“[There is] no room for complacency. The case numbers will rise. Expect outbreaks,” according to Mkhize’s presentation. 

The focus now will shift to hotspot identification and intervention to fight the flames to prevent raging fires, it added. Yet, these 10 areas are also the economic drivers of the provinces in which they sit and a restart of the economy will require a city kickstart, presenting a political and health tightrope to be walked. 

Charts presented by the health minister showed (again) that South Africa’s epidemic trajectory until now has placed it in the ranks of countries like Japan, South Korea and Singapore which are recognised as leaders at flattening the curve of infection. But, in each of those countries, there have been secondary waves of infection. Scientists use the United Kingdom as a comparator country as first cases occurred at about the same time as in South Africa – the UK now has 248,818 cases and 35,341 deaths.

“There is no reason to doubt we should have deviated from that trajectory without interventions,” said Mkhize, adding “The South African response is flattening the curve. Early [intervention] is better.” 

Gauteng announced that it is likely to enter Level 3 lockdown in June, suggesting that this is the national direction as announced by President Cyril Ramaphosa last week. 

Mkhize, however, warned that South Africa does not meet all of the six WHO criteria for easing a lockdown or coming out of it gradually. 

These six criteria are:

  1. a low percentage of case increases per district and per 100,000 population (South Africa’s infection rate may be manageable but it is climbing not decelerating);
  2. the percentage of cases being tracked and traced (not yet high enough);
  3. a strategy for managing caseloads in cluster infection hotspots like prisons, mental health homes and old age homes;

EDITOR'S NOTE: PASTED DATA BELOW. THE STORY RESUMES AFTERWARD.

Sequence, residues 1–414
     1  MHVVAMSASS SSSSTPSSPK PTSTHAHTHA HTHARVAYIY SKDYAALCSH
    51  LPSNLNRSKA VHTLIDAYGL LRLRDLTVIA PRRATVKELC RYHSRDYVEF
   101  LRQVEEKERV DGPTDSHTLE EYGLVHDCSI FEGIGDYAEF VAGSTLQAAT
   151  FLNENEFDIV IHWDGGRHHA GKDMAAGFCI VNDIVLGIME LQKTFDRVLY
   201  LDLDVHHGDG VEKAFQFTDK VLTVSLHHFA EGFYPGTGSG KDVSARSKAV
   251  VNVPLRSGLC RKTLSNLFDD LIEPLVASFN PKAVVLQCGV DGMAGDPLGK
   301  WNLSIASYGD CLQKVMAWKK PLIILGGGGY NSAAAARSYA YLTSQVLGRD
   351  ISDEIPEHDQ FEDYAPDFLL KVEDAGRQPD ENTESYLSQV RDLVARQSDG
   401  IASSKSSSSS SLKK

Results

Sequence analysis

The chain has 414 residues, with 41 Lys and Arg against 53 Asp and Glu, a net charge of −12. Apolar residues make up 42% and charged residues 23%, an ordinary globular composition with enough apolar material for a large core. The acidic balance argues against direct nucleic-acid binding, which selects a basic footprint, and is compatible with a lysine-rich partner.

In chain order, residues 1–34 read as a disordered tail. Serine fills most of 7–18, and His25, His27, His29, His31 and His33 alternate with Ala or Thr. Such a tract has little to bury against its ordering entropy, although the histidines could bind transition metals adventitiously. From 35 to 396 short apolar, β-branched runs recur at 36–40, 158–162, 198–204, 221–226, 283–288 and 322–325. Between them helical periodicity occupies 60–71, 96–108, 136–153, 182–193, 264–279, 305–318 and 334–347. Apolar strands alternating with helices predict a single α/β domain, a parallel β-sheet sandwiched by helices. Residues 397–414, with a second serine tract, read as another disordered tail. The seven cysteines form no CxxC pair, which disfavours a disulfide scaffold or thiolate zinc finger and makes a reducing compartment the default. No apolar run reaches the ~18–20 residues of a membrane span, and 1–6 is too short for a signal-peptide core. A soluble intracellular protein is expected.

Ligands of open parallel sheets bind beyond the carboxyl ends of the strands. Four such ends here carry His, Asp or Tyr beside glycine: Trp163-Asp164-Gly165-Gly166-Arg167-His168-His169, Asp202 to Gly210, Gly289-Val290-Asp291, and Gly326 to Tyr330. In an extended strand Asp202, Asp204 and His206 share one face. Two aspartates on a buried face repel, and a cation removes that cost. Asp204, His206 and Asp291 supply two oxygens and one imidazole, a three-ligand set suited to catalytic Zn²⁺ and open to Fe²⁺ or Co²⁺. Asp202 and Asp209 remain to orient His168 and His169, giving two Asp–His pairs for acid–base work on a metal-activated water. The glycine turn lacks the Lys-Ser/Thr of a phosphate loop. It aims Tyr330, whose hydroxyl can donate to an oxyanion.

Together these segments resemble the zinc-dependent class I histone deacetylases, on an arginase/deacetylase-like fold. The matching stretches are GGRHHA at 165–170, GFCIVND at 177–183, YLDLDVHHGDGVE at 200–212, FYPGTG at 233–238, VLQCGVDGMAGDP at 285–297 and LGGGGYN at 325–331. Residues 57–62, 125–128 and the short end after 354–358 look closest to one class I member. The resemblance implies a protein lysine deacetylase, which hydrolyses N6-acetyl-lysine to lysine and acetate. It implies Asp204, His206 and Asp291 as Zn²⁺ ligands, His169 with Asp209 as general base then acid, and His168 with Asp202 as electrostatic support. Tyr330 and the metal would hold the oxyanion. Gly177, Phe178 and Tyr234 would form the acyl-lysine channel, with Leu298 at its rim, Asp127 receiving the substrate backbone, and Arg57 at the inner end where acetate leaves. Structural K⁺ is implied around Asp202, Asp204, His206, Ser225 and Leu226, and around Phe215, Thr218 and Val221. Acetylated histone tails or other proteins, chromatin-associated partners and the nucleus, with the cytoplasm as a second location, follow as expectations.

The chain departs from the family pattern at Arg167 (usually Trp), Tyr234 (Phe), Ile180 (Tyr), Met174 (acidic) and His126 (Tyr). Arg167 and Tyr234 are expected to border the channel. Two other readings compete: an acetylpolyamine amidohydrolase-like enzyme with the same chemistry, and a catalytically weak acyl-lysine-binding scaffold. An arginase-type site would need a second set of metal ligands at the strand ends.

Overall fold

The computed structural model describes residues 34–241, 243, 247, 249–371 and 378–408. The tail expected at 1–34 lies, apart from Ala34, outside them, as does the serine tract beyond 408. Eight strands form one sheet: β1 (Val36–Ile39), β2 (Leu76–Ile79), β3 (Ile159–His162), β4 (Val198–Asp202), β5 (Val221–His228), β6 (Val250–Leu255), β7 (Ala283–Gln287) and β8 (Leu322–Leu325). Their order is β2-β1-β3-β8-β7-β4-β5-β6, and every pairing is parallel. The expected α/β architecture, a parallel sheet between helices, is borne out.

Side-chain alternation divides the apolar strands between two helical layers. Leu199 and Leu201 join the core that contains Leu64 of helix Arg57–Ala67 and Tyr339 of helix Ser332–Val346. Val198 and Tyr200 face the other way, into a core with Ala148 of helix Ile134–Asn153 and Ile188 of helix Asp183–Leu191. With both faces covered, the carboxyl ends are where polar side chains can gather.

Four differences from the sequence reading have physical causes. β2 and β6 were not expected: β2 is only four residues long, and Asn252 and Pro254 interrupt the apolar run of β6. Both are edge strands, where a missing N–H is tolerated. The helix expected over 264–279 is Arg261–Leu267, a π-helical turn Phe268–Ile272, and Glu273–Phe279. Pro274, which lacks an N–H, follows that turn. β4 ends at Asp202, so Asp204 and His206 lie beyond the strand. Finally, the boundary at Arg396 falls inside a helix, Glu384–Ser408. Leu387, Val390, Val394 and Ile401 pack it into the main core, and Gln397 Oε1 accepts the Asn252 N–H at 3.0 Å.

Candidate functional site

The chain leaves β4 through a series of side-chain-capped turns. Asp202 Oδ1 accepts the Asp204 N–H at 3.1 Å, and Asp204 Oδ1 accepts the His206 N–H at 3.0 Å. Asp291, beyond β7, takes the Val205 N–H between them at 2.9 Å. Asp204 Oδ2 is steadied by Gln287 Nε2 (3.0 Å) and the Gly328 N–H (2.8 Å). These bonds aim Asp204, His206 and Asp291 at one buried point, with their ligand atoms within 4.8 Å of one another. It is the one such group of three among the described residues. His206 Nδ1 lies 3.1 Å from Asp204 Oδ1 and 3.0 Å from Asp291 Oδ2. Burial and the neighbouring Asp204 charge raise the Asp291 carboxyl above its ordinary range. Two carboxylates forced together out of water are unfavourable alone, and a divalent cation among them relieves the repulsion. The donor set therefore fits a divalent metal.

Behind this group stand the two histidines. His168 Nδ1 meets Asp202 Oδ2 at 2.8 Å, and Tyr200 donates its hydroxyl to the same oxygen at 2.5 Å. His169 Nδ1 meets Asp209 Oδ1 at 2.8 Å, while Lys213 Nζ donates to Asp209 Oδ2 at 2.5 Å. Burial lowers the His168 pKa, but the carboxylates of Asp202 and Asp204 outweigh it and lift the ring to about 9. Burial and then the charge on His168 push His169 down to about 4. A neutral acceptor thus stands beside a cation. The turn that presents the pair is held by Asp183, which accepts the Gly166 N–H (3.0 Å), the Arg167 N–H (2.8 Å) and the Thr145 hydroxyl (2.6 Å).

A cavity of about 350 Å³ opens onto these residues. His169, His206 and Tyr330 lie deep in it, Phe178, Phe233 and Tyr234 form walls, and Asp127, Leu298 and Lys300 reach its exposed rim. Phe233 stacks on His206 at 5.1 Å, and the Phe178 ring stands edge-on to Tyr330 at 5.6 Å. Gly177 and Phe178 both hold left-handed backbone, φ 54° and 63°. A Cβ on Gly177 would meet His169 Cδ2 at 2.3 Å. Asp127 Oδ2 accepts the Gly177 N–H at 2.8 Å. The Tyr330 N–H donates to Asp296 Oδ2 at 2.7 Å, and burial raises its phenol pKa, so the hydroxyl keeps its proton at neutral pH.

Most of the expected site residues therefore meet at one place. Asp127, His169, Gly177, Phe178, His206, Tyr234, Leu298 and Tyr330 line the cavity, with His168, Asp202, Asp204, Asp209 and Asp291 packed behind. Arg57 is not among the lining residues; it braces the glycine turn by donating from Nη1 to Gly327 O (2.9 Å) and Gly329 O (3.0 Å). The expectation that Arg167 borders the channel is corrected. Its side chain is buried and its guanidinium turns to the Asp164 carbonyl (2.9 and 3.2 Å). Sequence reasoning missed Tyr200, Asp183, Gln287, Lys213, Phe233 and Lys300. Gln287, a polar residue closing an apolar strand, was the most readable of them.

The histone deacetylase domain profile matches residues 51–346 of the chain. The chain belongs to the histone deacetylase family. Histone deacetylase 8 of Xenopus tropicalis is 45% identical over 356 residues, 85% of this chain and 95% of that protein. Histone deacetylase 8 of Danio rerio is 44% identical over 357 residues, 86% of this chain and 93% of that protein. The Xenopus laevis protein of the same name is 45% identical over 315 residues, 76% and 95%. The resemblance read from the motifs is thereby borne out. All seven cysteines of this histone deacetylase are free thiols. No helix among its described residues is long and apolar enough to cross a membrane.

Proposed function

4. being able to measure a weekly rate of change at workplaces and schools (neither has reopened to provide a base-case);
  5. screening at ports (not an issue as South African ports are largely closed) and
  6. engaged communities who understand messages and adopt sustainably safe procedures. 

June, July, August 2020 – the winter of our discontent 

South Africa is lifting lockdown just as it enters what most people agree is going to be the toughest three months of our Covid-19 journey. Silal said their projections reveal that SA is likely to breach the number of ICU beds (3,300) available in the short-term while 70% of normal ward beds are also likely to be needed for the raging infections that Covid-19 causes and which often require hospitalisations. 

While the lockdown had flattened the curve and pushed the peak later, that peak was now in view. “[The] peak in active cases is likely between early July (pessimistic) and early August (optimistic). This will be affected by post-lockdown measures,” said the Covid-19 modelling consortium in its presentation. It predicted considerable variation in timing and scale between provinces. The variation will be greater between districts and sub-districts – the way to track at this granular level is still being modelled.

“Under almost all scenarios, hospital and ICU capacity will be exceeded, though timing and extent are uncertain.” DM